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jibe1

or gibe, gybe, jib, jibb

[jahyb]Nautical
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verb (used without object), jibed, jib·ing.
  1. to shift from one side to the other when running before the wind, as a fore-and-aft sail or its boom.
  2. to alter course so that a fore-and-aft sail shifts in this manner.
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verb (used with object), jibed, jib·ing.
  1. to cause to jibe.
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noun
  1. the act of jibing.
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Origin of jibe1

1685–95; variant of gybe < Dutch gijben, more commonly gijpen

jib2

or jibb

[jib]Nautical
verb (used with or without object), jibbed, jib·bing, noun
  1. jibe1.
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Dictionary.com Unabridged Based on the Random House Unabridged Dictionary, © Random House, Inc. 2018

Examples from the Web for jibb

Historical Examples

  • After enduring this life for several weeks, I managed to make my escape one day while Mrs. Jibb was cleaning my cage.

    The Joyous Story of Toto

    Laura E. Richards


British Dictionary definitions for jibb

jib1

noun
  1. nautical any triangular sail set forward of the foremast of a vessel
  2. cut of someone's jib someone's manner, behaviour, style, etc
  3. obsolete
    1. the lower lip, usually when it protrudes forwards in a grimace
    2. the face or nose
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Word Origin

C17: of unknown origin

jib2

verb jibs, jibbing or jibbed (intr) mainly British
  1. (often foll by at) to be reluctant (to); hold back (from); balk (at)
  2. (of an animal) to stop short and refuse to go forwardsthe horse jibbed at the jump
  3. nautical variant of gybe
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Derived Formsjibber, noun

Word Origin

C19: of unknown origin

jib3

noun
  1. the projecting arm of a crane or the boom of a derrick, esp one that is pivoted to enable it to be raised or lowered
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Word Origin

C18: probably based on gibbet

jib4

noun
  1. (often plural) South Wales dialect a contortion of the face; a facestop making jibs
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Word Origin

special use of jib 1 (in the sense: lower lip, face)

jibe1

jib or jibb (dʒɪb)

verb, noun
  1. nautical variants of gybe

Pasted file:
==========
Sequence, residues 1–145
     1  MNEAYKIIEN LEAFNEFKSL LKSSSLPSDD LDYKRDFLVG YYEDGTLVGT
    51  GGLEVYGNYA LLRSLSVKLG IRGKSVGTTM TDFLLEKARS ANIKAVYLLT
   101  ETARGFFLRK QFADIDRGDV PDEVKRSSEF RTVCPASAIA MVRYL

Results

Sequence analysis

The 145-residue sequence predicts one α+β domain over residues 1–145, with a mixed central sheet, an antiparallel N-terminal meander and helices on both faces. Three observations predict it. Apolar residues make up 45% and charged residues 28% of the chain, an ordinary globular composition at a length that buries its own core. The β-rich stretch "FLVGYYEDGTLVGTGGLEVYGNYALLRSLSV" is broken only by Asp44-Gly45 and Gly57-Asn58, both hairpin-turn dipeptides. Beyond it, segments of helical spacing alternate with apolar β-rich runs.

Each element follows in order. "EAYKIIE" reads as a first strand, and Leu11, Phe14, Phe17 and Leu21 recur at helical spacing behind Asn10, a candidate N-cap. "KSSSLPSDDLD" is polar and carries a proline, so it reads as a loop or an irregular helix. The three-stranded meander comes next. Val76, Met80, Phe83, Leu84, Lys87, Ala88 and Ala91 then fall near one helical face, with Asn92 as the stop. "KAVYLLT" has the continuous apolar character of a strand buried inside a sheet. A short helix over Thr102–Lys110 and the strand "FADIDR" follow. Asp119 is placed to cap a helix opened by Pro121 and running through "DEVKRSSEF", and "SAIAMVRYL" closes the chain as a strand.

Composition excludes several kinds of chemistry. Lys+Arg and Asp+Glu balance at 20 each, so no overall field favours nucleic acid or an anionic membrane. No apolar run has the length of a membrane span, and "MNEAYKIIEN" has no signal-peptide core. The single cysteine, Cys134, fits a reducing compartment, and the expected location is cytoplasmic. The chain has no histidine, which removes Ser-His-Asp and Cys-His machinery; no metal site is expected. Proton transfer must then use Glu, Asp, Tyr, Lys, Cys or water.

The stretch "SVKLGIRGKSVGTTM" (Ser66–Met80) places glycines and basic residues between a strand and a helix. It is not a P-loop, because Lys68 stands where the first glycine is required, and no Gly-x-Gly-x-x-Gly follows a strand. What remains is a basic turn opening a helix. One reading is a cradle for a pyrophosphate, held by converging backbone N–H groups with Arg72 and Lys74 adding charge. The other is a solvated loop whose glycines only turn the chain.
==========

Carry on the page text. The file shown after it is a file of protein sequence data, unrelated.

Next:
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jibe2

verb
  1. a variant spelling of gibe 1
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Derived Formsjiber, nounjibingly, adverb

jibe3

verb
  1. (intr) informal to agree; accord; harmonize
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Word Origin

C19: of unknown origin
Collins English Dictionary - Complete & Unabridged 2012 Digital Edition © William Collins Sons & Co. Ltd. 1979, 1986 © HarperCollins Publishers 1998, 2000, 2003, 2005, 2006, 2007, 2009, 2012

Word Origin and History for jibb

jib

n.

"foresail of a ship," 1660s, gibb, of uncertain origin, perhaps related to gibbet, from notion of a sail "hanging" from a masthead [Barnhart, OED]. Or perhaps from jib (v.) "shift a sail or boom" (1690s), from Dutch gijben, apparently related to gijk "boom or spar of a sailing ship." Said to indicate a ship's character to an observant sailor as a strange vessel approaches at sea; also nautical slang for "face," hence cut of (one's) jib "personal appearance" (1821).

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jibe

v.

"agree, fit," 1813, of unknown origin, perhaps a figurative extension of earlier jib, gybe (v.) "shift a sail or boom" (see jib). OED, however, suggests a phonetic variant of chime, as if meaning "to chime in with, to be in harmony." Related: Jibed; jibes; jibing.

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jibe

n.

1560s, perhaps from Middle French giber "to handle roughly," or an alteration of gaber "to mock."

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Online Etymology Dictionary, © 2010 Douglas Harper

Idioms and Phrases with jibb

jib

see cut of one's jib

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The American Heritage® Idioms Dictionary Copyright © 2002, 2001, 1995 by Houghton Mifflin Harcourt Publishing Company. Published by Houghton Mifflin Harcourt Publishing Company.